Each week our contributors choose what they can’t wait to read this week or just sounds interesting. In other words, this is what we’re looking forward to and think you should be taking a look at!

Find out what folks think below, and what comics you should be looking out for this Wednesday.

Batman and the Outsiders #1 (DC Comics) – Delayed, but it’s finally here and we’re beyond excited to check out this new series, especially since writer Bryan Edward Hill and artist Dexter Soy are involved.

The Batman Who Laughs #5 (DC Comics) – The series so far has been solid but it’s also clear that this character is going to impact the entire DC Universe for some time. This is going to be an important miniseries that’s going to set off a lot.

Copra Vol. 2 (Image Comics) – If you missed this series at its previous publisher, you have no excuse now. It’s so good! Think indie Suicide Squad.

Katusha (Dead Reckoning) – Dead Reckoning has been doing awesome releasing war comics and this one focused on the German invasion of the Soviet Union through a comining-of-age story sounds really interesting.

Metalshark Bro #1 (Scout Comics) – We’ll be honest, we know little about this debut issue but the cover has a shark rocking out with a guitar. Yes please!

Monarchs (Scout Comics) – We read the first issue when it was released and enjoyed the video game/comic blend. Now we get a chance to read the entire series.

Red Sonja & Vampirella Meet Betty & Veronica #1 (Dynamite Entertainment/Archie Comics) – It sounds so out there we’re beyond excited for it.

Six Days: The Incredible Story of D-Days Lost Chapter (DC Comics/Vertigo) – A true story about World War II. We’ve read it and it’s really fantastic. If you like war stories, this is a must graphic novel.

War of the Realms: New Agents of Atlas #1 (Marvel) – This is going to be an important issue with lots of characters making their debut.

Waves (BOOM! Studios) – A graphic novel about the difficulties of pregnancy. An emotional read.

Gary Thompson Promoted to Director at Dead Reckoning

Dead Reckoning Logo

Dead Reckoning has announced that it has promoted Gary Thompson to Director of the publishing imprint. Thompson was previously the graphic novel lead.

Dead Reckoning is the graphic novel imprint of Naval Institute Press. the line was announced October 2017 with their first graphic novels launched in 2018.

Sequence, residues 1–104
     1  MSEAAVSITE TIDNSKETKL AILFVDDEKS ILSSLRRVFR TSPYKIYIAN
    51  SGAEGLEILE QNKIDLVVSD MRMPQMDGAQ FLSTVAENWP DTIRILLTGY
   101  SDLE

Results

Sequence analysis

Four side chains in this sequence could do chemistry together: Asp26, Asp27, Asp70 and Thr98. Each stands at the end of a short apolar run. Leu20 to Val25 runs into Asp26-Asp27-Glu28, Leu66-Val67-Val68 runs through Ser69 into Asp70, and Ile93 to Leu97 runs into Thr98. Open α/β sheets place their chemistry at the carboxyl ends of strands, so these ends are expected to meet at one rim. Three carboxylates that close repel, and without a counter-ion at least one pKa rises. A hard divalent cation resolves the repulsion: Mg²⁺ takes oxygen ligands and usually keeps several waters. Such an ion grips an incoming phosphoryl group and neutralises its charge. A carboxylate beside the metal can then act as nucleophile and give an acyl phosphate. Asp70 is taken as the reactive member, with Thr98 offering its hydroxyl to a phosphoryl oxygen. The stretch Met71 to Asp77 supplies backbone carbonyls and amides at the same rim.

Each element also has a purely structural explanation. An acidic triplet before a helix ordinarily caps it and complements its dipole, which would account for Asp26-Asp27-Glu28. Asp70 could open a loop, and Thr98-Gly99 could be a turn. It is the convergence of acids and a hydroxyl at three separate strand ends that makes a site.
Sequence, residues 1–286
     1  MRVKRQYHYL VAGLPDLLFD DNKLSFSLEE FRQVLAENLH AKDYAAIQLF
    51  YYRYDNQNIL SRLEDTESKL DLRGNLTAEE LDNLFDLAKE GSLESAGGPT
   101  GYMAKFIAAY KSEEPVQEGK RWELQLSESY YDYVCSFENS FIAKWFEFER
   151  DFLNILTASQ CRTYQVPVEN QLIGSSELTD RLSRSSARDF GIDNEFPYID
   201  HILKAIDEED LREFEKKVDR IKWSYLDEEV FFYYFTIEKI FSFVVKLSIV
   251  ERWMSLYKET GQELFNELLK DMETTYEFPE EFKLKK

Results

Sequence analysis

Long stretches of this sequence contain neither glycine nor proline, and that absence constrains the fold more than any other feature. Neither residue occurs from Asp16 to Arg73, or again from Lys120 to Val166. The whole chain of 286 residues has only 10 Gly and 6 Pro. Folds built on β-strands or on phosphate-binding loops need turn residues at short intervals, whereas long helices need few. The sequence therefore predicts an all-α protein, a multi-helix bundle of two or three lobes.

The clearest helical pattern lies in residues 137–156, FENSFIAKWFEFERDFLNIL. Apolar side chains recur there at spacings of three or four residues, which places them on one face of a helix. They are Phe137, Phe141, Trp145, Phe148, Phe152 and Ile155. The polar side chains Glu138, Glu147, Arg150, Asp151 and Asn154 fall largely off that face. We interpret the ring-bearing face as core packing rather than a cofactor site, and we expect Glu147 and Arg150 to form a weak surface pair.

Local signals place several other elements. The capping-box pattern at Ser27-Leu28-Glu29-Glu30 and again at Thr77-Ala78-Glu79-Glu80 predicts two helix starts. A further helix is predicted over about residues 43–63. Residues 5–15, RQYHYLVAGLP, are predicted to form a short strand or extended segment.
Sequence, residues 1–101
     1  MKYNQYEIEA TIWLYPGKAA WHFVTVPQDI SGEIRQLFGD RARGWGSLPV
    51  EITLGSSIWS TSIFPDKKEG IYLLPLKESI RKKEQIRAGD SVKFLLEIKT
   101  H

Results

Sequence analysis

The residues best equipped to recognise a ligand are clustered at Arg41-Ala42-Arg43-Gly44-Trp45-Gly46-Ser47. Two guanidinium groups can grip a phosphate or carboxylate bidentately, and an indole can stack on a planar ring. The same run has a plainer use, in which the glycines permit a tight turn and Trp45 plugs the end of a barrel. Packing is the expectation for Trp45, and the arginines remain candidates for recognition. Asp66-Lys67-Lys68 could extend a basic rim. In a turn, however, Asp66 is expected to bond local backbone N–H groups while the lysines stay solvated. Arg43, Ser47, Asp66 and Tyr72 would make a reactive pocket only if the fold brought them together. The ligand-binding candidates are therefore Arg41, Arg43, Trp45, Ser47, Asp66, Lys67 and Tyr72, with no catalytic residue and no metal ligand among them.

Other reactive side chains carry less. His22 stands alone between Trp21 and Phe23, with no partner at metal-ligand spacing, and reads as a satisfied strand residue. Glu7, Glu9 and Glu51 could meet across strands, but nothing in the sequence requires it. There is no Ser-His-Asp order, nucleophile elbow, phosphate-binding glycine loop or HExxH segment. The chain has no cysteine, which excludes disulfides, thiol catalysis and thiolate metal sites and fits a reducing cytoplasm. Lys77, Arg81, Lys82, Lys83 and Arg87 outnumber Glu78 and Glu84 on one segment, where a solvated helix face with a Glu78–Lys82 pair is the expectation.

The graphic novel line is full-length original graphic novels and collections of classic comics with a special focus on military and naval history, military and naval biography, general history, and stories of the high seas.

Dead Reckoning Announces New Graphic Novels for Spring 2019

Dead Reckoning, the new graphic novel imprint of Naval Institute Press, has announced new comics they’re releasing in Spring 2019.

Things kick off in March 2019 with The Night Witches by Garth Ennis, Russ Braun, Tony Avina, and Simon Bowland as well as Katusha: Girl Soldier of the Great Patriotic War by Wayne Vansant.

April 2019 sees the release of Riff Reb’s Men at Sea which is translated by Joe Johnson.

Stalingrad: Letters from the Volga by Antonio Gil and Daniel Ortega with a translation by Jeff Whitman is out May 2019.

June 2019 sees the graphic novel adaptation of Erich Maria Remarque‘s All Quiet on the Western Front by Wayne Vansant.

Check out below for the full descriptions.

The Night Witches

by Russ Braun, Garth Ennis

As the German Army smashes deep into Soviet Russia and the defenders of the Motherland retreat in disarray, a new squadron arrives at a Russian forward airbase. Like all night bomber units, they will risk fiery death flying obsolete biplanes against the invader—but unlike the rest, these pilots and navigators are women. In the lethal skies above the Eastern front, they will become a legend—known to friend and foe alike as the Night Witches.

With casualties mounting and the conflict devouring more and more of her comrades, Lieutenant Anna Kharkova quickly grows from a naive teenager to a hardened combat veteran. The Nazi foe is bad enough, but the terrifying power of her country’s secret police makes death in battle almost preferable. Badly wounded and exiled from her own people, Anna begins an odyssey that will take her from the killing fields of World War II to the horrific Soviet punishment camps—and at the top of the world, high above the freezing Arctic Ocean, the Night Witch finds she has one last card to play.